Disney CEO Bob Iger questions if Gov. Ron DeSantis wants the company in Florida 'or not?'

 In the latest salvo in the feud between Florida Gov. Ron DeSantis and Disney, CEO Bob Iger defended the company's actions and wondered if Florida even wanted it there.

"Does the state want us to invest more, employ more people and pay more taxes, or not?” Iger asked, during the company's quarterly earnings call this week.

Iger was also quick to point out that Florida gets a lot from Disney's presence, employing over 75,000 people — "by the way, we pay them substantially above the minimum wage dictated by the state of Florida" — and bringing "tens of millions of people" to the state.

"We’re the largest taxpayer in Central Florida, paying over $1 billion in state and local taxes last year alone," Iger said. "We operate responsibly. We pay our fair share of taxes," he said.

He said Disney's wish was simply to continue doing business as they had done before and suggested that the company's plan to invest $17 billion in Florida over the next 10 years might change.

More:Disney CEO Bob Iger escalates war of words with Ron DeSantis. Who's winning the Florida feud?

Who started the fight between DeSantis and Disney?

Ever since former Disney CEO Bob Chapek spoke out against DeSantis' "Parental Rights in Education" bill, dubbed the "Don't Say Gay" bill by critics, the governor has gone to war against the Magic Kingdom, escalating the back-and-forth until the Florida Legislature authorized what amounted to a hostile takeover of the Disney-allied Reedy Creek Improvement District that was created in 1967 to give the entertainment giant broad, self-governing powers. 

But Disney and Reedy Creek had already moved control of the vast Central Florida holdings to the Disney company, leaving the new board largely powerless. The Florida Legislature quickly introduced a new bill to strike down the arrangement, and DeSantis suggested that Disney could expect more inspections, toll charges on nearby roads, taxes on hotels and more and said the state could use land next to Disney's properties for low-income housing, another amusement park, or even a prison.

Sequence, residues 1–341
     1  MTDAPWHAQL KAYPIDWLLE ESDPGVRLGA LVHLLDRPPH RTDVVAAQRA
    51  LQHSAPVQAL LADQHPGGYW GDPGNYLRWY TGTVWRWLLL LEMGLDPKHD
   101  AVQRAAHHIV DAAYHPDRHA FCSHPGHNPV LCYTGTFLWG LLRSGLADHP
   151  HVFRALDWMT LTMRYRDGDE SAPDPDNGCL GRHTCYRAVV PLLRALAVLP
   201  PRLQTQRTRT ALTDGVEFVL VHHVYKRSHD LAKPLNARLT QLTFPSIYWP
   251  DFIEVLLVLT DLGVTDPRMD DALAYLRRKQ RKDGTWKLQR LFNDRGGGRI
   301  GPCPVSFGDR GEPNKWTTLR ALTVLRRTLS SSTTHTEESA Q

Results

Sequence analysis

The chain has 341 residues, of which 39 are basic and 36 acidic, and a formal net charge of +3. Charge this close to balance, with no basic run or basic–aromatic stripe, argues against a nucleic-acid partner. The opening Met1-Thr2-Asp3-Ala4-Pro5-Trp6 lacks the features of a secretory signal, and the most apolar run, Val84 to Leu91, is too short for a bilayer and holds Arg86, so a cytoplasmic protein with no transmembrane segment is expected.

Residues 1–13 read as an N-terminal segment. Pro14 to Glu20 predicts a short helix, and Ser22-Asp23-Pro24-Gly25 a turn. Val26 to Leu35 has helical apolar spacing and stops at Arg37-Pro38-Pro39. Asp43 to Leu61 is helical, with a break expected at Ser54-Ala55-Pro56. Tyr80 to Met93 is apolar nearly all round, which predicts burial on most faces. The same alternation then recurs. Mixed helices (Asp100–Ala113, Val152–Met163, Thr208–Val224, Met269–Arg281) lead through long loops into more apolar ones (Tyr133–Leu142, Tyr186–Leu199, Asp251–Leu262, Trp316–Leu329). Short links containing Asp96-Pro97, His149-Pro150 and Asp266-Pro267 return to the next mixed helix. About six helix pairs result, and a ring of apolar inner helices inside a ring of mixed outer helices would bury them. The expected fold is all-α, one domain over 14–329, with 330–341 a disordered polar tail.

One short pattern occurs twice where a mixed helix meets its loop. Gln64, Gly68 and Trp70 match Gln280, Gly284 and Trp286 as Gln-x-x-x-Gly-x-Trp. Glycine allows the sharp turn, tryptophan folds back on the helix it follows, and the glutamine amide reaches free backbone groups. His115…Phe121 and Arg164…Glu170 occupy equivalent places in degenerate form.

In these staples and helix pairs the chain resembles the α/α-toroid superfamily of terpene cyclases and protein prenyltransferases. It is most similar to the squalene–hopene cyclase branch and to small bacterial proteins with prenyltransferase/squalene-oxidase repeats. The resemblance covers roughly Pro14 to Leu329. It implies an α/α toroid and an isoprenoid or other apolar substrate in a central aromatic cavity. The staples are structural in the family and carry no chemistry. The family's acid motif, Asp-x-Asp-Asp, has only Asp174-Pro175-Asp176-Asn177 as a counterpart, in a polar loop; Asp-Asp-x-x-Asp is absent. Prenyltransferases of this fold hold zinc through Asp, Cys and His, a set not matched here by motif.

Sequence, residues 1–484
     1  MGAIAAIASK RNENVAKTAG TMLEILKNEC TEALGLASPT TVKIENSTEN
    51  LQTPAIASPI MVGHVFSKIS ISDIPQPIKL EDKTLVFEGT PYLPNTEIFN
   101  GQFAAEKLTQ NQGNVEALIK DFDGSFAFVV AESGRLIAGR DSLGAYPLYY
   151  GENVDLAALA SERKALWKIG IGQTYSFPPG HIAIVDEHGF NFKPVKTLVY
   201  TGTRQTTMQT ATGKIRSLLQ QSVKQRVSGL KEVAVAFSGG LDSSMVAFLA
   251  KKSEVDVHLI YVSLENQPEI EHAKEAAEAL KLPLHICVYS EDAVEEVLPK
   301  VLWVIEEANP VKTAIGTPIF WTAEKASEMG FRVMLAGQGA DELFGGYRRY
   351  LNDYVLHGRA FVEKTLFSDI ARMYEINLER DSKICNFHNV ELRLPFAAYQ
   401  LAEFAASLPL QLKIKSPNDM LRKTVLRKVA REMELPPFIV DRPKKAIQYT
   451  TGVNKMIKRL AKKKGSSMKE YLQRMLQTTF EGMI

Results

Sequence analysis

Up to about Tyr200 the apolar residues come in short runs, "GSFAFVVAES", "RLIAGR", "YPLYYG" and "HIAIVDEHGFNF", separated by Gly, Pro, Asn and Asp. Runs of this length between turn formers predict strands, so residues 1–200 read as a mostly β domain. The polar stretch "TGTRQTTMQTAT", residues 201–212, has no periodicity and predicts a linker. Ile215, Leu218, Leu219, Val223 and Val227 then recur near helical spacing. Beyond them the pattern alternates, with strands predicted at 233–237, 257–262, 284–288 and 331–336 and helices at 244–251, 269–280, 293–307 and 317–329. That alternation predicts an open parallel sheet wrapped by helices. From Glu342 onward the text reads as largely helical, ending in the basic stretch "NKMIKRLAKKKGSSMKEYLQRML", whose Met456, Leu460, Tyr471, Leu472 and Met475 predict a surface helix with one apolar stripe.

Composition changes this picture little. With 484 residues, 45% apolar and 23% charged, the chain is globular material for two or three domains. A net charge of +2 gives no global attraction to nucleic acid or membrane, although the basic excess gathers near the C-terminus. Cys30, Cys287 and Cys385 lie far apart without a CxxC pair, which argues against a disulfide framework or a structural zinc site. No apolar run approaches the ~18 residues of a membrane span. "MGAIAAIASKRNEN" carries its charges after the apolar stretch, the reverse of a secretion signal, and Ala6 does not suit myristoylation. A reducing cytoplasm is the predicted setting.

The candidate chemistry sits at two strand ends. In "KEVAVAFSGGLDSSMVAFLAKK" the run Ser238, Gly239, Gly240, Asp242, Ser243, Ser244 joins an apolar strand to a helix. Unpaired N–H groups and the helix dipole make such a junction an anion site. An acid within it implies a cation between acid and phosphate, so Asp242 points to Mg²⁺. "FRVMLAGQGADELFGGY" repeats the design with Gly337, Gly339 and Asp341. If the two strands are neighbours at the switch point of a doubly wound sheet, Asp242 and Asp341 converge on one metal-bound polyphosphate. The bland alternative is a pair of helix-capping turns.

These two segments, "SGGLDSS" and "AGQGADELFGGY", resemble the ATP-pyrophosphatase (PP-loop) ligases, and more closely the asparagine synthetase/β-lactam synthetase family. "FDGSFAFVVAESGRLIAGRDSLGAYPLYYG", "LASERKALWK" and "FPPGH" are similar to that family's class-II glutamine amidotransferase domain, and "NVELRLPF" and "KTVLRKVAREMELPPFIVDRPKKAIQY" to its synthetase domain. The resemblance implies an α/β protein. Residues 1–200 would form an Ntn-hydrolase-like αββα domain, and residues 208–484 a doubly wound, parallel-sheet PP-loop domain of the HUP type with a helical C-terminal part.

Disney vs. DeSantis timeline:What happened when Florida's governor took on the Mouse

Disney sued DeSantis in federal court, charging him with violating the company's free speech rights and claiming the governor led a "targeted campaign of government retaliation" against the company, a charge DeSantis dismissed as "political." The newly created Central Florida Tourism board fired back with a lawsuit of its own in state court and the Legislature approved a bill to single out Disney World's Monorail from a law that allowed large amusement parks to inspect their own rides.

A Monorail ride offers a stunning nighttime view of EPCOT as Walt Disney World celebrates its 50th anniversary.

Iger: 'This is about one thing and one thing only, and that’s retaliating against us for taking a position'

It's that kind of specificity that Iger railed against on the call when an investor asked how investors should view conditions in Florida, pointing out that there were no plans to take on special districts before Disney spoke out on the governor's legislation and no other special districts in the state have been targeted.

"I mentioned the Daytona Speedway has one, a prominent retirement community the Villages, and there are countless others," Iger said. "So if the goal here is leveling the playing field and the uniform application of the law, government oversight of special districts needs to occur or be applied to all special districts."

DeSantis' real goal, Iger claimed, is retaliation. "This is about one thing and one thing only, and that’s retaliating against us for taking a position about pending legislation."

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